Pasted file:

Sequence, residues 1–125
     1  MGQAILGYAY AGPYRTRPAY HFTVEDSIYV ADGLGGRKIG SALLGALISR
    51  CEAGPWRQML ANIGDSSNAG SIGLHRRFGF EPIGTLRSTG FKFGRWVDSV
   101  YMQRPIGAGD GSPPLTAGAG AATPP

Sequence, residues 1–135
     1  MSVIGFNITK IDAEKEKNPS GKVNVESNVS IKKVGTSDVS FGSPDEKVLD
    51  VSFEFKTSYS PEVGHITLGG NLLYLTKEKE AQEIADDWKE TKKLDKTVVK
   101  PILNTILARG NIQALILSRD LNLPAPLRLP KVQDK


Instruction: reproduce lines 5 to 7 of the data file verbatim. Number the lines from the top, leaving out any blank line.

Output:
Sequence, residues 1–135
     1  MSVIGFNITK IDAEKEKNPS GKVNVESNVS IKKVGTSDVS FGSPDEKVLD
    51  VSFEFKTSYS PEVGHITLGG NLLYLTKEKE AQEIADDWKE TKKLDKTVVK